Flashing the Dell Perc H310 with an IT firmware

So I’ve just grabbed a Dell H310 off of fleabay as part of my new server build.  First challenge is to figure out how to flash it with an IT firmware, so that I can use it as a controller card for a virtualised file server.

The Perc H310 is a sas2008 based card, and importantly, its a 6Gbps card, which means it should last me through multiple iterations of my usual server upgrade schedule (every 2 or so years).  With any luck, it’ll last me to the stage where terrabyte-sized SSDs are affordable enough for home use 🙂

Here’s a link to the spec sheet from Dell.  As you can see, even without flashing its a decent looking card, supporting a whole lot of RAID setups including 5 and 50.  However, all that isn’t much use to me, as I’m a big fan of software RAID, on the basis that if a motherboard or disk controller fails, I can transplant just the drives into a different machine and at least have short-term access to my data.  Besides, I want to go with zfs this time – the filesystem-level checksums and data integrity are very attractive.

So, plugging it in, and on the first boot I check the controller BIOS which says:

Product Name:  PERC H310 Adapter
Package: 20.10.2-0002
FW Version: 2.120.14-1504
BIOS Version: 4.29.00_4.12.05.00_0x05110000
Boot Block Version:
Security Capable: No
Controller ID: 0
PCI Bus: 0x02
PCI Device: 0x00
PCI Function: 0x00
PCI Slot ID: 0x04

All good, the card works.  So after hunting around for write-ups, I found a couple of posts in forums on the topic.

Johnodon’s post here on the unRAID forums indicates it can be done, and it refers to a write up on.. OCAU by Stanza; good to see the locals in play!

So after piecing those together, and a bit of experimenting, here’s the steps which worked for me:

> sas2flsh -list
uhoh – no controllers detected.  More digging, and it turns up that the Perc 310 is a Megaraid card, so we have to use the LSI megarec commands.
> megarec -adpList
Identified MR cards count: 1
MR Card 0
Type: 2008
Vendor ID: 0x1000, Device Id: 0x73
Slot No: 2, Device Function: 0x0
Success.  We can see the card.  Now the important bit – before we leap into wiping all the data on the card, lets dump out as much as we can, including the SAS address which is globally unique to the card.  Some write-ups I found said stuff like “be ready to hit pause as it scrolls pretty fast”.  Those people obviously didn’t grow up with DOS.. lets just redirect standard out to a file, and read it at our leisure, as well as saving it somewhere retrievable.
> megaoem -adpallinfo -a0 > allinfo.txt
Buried in that file is this bit:
                HW Configuration
SAS Address      : 5b8ca3a0f2xxxxxx
Ok, time to wipe the BIOS, and then the firmware:
> megarec -writesbr 0 sbrempty.bin
> megarec -cleanflash 0
Now call me paranoid, but I did a cold-boot of the machine at this stage, back into DOS.
Next I flashed the 6Gbps SAS firmware from Dell.  I used the firmware on this page on Dell’s site.  I used the latest one, version,A10.
> sas2flsh -o -f 6gbpsas.fw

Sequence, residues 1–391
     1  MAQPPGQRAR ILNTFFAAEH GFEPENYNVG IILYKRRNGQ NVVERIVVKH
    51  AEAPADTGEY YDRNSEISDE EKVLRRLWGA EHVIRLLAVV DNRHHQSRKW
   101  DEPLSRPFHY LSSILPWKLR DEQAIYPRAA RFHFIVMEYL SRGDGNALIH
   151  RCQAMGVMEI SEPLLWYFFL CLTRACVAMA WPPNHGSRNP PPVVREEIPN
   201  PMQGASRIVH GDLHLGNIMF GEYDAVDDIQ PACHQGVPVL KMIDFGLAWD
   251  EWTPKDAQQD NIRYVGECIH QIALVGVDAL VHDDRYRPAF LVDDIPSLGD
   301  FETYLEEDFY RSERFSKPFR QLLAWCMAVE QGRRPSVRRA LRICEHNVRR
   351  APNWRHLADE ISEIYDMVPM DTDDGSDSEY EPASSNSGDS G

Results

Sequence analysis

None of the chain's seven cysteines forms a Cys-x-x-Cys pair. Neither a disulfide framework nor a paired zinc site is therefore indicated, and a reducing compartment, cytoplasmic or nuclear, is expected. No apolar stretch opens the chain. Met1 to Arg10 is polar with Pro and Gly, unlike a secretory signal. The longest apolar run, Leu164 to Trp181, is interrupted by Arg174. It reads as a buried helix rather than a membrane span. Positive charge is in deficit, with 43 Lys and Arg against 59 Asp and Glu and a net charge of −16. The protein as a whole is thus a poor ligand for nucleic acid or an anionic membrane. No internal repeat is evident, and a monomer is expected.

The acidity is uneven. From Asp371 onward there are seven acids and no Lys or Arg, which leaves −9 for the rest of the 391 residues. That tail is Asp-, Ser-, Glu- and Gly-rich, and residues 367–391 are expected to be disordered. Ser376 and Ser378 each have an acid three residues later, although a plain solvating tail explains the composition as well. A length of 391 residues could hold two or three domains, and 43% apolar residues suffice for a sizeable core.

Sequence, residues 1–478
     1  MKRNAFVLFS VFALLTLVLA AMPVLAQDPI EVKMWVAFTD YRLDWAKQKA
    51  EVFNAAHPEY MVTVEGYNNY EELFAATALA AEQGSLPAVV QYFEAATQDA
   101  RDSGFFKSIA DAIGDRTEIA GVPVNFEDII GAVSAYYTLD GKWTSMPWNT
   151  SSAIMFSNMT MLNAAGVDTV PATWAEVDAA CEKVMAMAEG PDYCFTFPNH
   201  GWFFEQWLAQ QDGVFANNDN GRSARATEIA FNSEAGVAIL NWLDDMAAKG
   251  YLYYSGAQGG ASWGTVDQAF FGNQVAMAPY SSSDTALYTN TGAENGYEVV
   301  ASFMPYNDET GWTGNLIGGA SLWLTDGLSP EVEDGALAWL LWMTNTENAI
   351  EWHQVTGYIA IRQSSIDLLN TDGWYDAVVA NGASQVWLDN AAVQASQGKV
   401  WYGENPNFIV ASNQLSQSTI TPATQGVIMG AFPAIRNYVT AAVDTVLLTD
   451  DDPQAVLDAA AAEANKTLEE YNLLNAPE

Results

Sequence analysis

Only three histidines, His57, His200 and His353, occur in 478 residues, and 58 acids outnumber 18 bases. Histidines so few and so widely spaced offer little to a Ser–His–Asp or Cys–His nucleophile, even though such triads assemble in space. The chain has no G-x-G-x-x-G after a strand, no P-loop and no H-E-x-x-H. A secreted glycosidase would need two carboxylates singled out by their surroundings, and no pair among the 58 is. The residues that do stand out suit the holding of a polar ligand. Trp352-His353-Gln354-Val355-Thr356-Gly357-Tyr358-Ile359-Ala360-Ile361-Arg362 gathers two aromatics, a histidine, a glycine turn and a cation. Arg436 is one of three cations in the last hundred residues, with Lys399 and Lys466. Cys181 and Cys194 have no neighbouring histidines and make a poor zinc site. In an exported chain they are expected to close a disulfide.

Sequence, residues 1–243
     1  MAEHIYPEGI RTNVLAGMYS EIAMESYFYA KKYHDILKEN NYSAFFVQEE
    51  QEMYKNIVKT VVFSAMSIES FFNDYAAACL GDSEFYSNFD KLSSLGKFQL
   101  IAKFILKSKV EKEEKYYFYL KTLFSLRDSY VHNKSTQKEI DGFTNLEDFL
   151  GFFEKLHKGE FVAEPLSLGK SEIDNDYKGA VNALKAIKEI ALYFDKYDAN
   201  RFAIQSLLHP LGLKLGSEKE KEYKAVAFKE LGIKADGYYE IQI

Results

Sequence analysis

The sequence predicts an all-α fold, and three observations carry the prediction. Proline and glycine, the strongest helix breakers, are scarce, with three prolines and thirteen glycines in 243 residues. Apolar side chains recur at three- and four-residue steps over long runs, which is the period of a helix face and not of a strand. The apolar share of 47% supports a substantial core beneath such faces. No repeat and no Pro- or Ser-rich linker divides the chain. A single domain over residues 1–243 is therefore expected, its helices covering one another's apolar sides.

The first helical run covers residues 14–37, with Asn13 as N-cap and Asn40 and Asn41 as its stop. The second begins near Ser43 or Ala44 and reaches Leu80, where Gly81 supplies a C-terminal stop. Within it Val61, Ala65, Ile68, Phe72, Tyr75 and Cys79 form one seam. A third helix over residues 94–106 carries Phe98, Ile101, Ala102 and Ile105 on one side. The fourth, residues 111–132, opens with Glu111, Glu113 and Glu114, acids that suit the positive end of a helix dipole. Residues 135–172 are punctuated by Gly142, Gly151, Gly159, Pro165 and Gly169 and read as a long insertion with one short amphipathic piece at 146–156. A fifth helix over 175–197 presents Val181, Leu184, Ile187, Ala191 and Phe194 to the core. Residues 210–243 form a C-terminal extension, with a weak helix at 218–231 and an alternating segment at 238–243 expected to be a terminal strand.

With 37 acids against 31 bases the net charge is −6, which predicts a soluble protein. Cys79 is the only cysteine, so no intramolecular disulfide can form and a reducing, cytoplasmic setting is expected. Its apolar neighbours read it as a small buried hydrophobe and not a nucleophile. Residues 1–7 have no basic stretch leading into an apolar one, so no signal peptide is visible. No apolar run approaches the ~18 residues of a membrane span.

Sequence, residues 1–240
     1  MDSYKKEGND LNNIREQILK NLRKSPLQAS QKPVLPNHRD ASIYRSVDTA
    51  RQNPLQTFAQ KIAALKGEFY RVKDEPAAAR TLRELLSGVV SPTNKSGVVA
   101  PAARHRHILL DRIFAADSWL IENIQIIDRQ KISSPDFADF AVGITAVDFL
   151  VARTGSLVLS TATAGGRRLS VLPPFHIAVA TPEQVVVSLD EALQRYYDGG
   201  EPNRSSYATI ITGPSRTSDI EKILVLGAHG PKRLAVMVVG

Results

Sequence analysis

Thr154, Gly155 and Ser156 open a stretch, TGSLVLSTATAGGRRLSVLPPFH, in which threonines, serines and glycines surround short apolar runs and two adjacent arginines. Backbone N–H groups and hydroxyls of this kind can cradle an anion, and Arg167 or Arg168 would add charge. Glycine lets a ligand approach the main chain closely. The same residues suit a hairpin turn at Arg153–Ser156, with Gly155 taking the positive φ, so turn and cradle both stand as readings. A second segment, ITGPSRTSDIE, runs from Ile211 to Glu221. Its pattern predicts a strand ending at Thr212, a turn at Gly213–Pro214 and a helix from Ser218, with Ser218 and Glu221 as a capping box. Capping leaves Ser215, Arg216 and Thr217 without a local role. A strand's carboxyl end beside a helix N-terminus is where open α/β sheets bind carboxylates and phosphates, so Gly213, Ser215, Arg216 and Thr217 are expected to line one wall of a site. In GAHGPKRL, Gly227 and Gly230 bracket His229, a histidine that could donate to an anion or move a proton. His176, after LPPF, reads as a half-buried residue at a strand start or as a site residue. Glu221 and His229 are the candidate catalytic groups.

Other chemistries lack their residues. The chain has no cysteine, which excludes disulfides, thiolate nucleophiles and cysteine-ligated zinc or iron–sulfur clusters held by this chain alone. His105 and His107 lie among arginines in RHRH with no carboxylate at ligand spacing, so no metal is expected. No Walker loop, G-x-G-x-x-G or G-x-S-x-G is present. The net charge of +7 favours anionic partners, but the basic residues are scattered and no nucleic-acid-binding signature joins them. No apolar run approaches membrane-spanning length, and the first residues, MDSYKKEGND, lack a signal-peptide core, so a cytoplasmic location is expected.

Initially I added the bios too, so I could have a look and see what options it gives.
> sas2flsh -o -b mptsas2.rom
Then finally I added back the SAS address (from the allinfo.txt file made earlier)
sas2flsh -sasadd 5b8ca3a0f2xxxxxx
And lastly, a cold boot so I could hit Ctrl-C and check out the HBA bios.

Success – all worked just fine.  I’ve since emptied out the bios too, so the host boots faster.  Thats a little easier, as you can use sas2flsh to do it all, and keep the sas address intact.

To erase the card but keep the SAS address, its:

> sas2flsh -o -e 6

Then you can jump back a few lines above to re-flash the 6gbpsas.fw firmware.

Now the painful work starts.. regression testing all the bits of the puzzle I’m trying to assemble, to make sure that in isolation, each virtual machine’s OS will work with the hardware concerned.  I’d like to run either Nexenta, or Nas4free, using the Perc H310, so first stop will be to do a quick test install of Nexenta to see whether it works with this card/firmware.

One last note – I took a comparison power consumption reading of the system with the Perc H310 installed.

Without H310: Idle 30.8W
With H310: Idle 38.8W

(Idle measured at Centos LiveDVD desktop)

My PSU is likely around 75% efficient at these low wattages, so the card on its own is pulling about 6W DC from the system.

More posts on that topic as I go.

13 thoughts on “Flashing the Dell Perc H310 with an IT firmware

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  2. Hi, thanks for the power draw measurement, I could not find this information anywhere else.

    I plan to do the same as you did, add a H310 (already bought and tuned with B5-B6 connectors isolated because my machine won’t boot otherwise). This is not stricyly necessary as I have enough (6) SATA ports on the motherboard (1 for system SSD + 5 x 4TB-HDDs in a hotswap cage) but this motherboard does not support hotswapping. Adding 8W just for that seems a lot :(.

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  7. Hello,

    The link to Dell is out of date (it’s 2017)

    Happen to have a copy of the file? – “…..I used the latest one, version,A10”.

    Thanks. Nice article.

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  10. Worked like a charm on a PERC h310.

    Only one minor edit required:
    “Then finally I added back the SAS address (from the allinfo.txt file made earlier)
    sas2flsh -sasadd 5b8ca3a0f2xxxxxx

    The command should be:
    sas2flsh -o -sasadd 5b8ca3a0f2xxxxxx

    Without the -o I was getting an error 0500000F

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